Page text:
Of the new parties, only New Right won seats, with Hard Line, the Christian Democrats and Klaus Riskær Pedersen failing to cross the national 2% threshold, although the Christian Democrats were within 200 votes of winning a direct seat in the western Jutland constituency.[7] On election night, Klaus Riskær Pedersen announced that he would dissolve his party.[8]

In the Faroe Islands, Republic (which had finished first in the 2015 elections)[9] dropped to fourth place and lost their seat. The Union Party replaced them as the first party while the Social Democratic Party finished in second place again, retaining their seat.[10] In Greenland, the result was a repeat of the 2015 elections, with Inuit Ataqatigiit and Siumut winning the two seats. Siumut regained parliamentary representation after their previous MP, Aleqa Hammond, was expelled from the party in 2016.[11][12] Hammond later joined Nunatta Qitornai,[13] which finished fourth and failed to win a seat.[12][14]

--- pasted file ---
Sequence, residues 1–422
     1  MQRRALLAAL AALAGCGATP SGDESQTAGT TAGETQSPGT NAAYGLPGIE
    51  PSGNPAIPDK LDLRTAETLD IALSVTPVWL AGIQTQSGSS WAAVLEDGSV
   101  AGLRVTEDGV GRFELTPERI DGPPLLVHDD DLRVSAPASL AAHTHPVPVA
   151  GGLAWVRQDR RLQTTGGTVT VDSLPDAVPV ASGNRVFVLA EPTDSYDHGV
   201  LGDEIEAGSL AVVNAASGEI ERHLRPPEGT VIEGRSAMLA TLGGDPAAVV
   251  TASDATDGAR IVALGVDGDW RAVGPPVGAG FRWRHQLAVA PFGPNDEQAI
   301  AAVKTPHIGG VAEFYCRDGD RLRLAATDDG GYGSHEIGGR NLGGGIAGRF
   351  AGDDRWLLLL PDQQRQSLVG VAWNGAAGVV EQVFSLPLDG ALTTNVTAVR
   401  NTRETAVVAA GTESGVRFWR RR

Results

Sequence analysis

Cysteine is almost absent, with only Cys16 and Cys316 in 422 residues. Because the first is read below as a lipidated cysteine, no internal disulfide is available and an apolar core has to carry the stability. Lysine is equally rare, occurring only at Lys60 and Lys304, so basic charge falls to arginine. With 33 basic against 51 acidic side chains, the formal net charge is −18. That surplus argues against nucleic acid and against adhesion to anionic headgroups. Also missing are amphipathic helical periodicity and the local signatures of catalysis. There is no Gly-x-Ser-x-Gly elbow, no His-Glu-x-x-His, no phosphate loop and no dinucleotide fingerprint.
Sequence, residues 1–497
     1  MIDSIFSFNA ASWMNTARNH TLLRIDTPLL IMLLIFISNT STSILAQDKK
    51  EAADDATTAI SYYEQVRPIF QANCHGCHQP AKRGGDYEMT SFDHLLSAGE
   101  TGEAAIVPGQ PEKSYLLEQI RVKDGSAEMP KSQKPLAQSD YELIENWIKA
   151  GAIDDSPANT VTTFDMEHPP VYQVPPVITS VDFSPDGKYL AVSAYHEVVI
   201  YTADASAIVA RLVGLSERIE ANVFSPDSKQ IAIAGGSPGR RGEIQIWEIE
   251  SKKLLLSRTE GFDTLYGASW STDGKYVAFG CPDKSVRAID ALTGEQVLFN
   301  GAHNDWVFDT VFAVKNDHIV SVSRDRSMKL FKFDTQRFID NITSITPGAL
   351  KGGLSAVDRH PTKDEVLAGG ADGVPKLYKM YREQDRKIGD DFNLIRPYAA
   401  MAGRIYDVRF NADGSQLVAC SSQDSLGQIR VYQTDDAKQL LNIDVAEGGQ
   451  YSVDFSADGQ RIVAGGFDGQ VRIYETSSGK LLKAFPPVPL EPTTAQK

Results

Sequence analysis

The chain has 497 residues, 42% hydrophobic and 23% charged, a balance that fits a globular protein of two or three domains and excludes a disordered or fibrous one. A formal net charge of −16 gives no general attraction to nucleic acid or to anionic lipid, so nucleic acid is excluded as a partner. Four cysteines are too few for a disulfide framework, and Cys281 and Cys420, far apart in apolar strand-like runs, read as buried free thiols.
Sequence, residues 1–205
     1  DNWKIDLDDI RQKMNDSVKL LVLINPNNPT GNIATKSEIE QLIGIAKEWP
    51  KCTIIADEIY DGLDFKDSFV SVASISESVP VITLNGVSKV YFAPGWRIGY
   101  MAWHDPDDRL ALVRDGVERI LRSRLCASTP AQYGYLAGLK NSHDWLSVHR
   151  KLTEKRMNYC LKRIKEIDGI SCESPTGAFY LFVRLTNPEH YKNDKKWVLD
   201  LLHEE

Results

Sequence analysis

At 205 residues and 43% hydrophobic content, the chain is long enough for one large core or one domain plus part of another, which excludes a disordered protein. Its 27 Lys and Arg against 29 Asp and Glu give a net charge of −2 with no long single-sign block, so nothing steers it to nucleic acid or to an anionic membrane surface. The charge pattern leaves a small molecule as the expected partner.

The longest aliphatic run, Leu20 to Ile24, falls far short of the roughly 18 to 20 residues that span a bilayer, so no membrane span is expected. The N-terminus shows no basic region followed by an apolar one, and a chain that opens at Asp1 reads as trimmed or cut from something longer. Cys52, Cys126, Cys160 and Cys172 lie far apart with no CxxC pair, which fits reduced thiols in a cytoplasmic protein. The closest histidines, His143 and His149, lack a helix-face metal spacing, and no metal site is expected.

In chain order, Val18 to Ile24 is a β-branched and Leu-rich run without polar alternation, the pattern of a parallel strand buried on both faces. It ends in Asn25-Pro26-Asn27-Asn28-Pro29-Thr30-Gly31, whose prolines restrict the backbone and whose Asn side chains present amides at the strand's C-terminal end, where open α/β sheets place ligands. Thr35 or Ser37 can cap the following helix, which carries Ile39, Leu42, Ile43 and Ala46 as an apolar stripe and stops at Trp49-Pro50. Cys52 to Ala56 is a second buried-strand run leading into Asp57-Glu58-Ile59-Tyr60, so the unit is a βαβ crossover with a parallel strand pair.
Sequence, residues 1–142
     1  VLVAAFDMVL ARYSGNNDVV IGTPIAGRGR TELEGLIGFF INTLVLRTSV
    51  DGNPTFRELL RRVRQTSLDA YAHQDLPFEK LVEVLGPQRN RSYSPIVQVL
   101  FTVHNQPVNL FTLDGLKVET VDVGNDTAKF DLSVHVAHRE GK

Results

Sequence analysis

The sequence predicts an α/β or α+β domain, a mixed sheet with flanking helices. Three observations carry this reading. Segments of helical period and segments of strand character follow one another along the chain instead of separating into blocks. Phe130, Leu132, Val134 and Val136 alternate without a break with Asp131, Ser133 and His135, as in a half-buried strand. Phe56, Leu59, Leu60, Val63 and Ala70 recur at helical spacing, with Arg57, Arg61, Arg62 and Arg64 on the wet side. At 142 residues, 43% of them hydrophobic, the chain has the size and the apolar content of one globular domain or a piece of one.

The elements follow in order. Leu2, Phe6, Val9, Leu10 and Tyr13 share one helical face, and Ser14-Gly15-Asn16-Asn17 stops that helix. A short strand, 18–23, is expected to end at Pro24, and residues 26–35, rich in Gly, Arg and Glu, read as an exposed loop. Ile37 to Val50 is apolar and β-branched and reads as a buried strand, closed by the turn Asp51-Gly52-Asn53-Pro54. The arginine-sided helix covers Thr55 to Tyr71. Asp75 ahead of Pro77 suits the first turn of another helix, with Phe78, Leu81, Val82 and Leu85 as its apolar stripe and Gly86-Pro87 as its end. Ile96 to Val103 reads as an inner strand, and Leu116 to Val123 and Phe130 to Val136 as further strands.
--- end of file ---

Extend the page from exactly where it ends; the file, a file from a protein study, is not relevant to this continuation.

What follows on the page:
Popular vote in Denmark
Largest party in each nomination district.
Denmark proper
Social Democrats914,88225.9048+1
Danish People's Party308,5138.7416–21
Danish Social Liberal Party304,7148.6316+8
Socialist People's Party272,3047.7114+7
Red–Green Alliance245,1006.9413–1
Conservative People's Party233,8656.6212+6
The Alternative104,2782.955–4
New Right83,2012.364New
Liberal Alliance82,2702.334–9
Stram Kurs63,1141.790New
Christian Democrats60,9441.7300
Klaus Riskær Pedersen29,6000.840New
Valid votes3,531,72098.94
Invalid votes10,0190.28
Blank votes27,7820.78
Total votes3,569,521100.00
Registered voters/turnout4,219,53784.60
Faroe Islands
Union Party7,36028.321+1
Social Democratic Party6,64025.5510
People's Party6,18123.7900
Valid votes25,98599.16
Invalid/blank votes2200.84
Total votes26,205100.00
Registered voters/turnout37,26470.32
Inuit Ataqatigiit6,86734.3510
Nunatta Qitornai1,6228.110New
Partii Naleraq1,5647.8200
Cooperation Party5182.590New
Valid votes19,99097.16
Invalid/blank votes5852.84
Total votes20,575100.00
Registered voters/turnout41,34449.77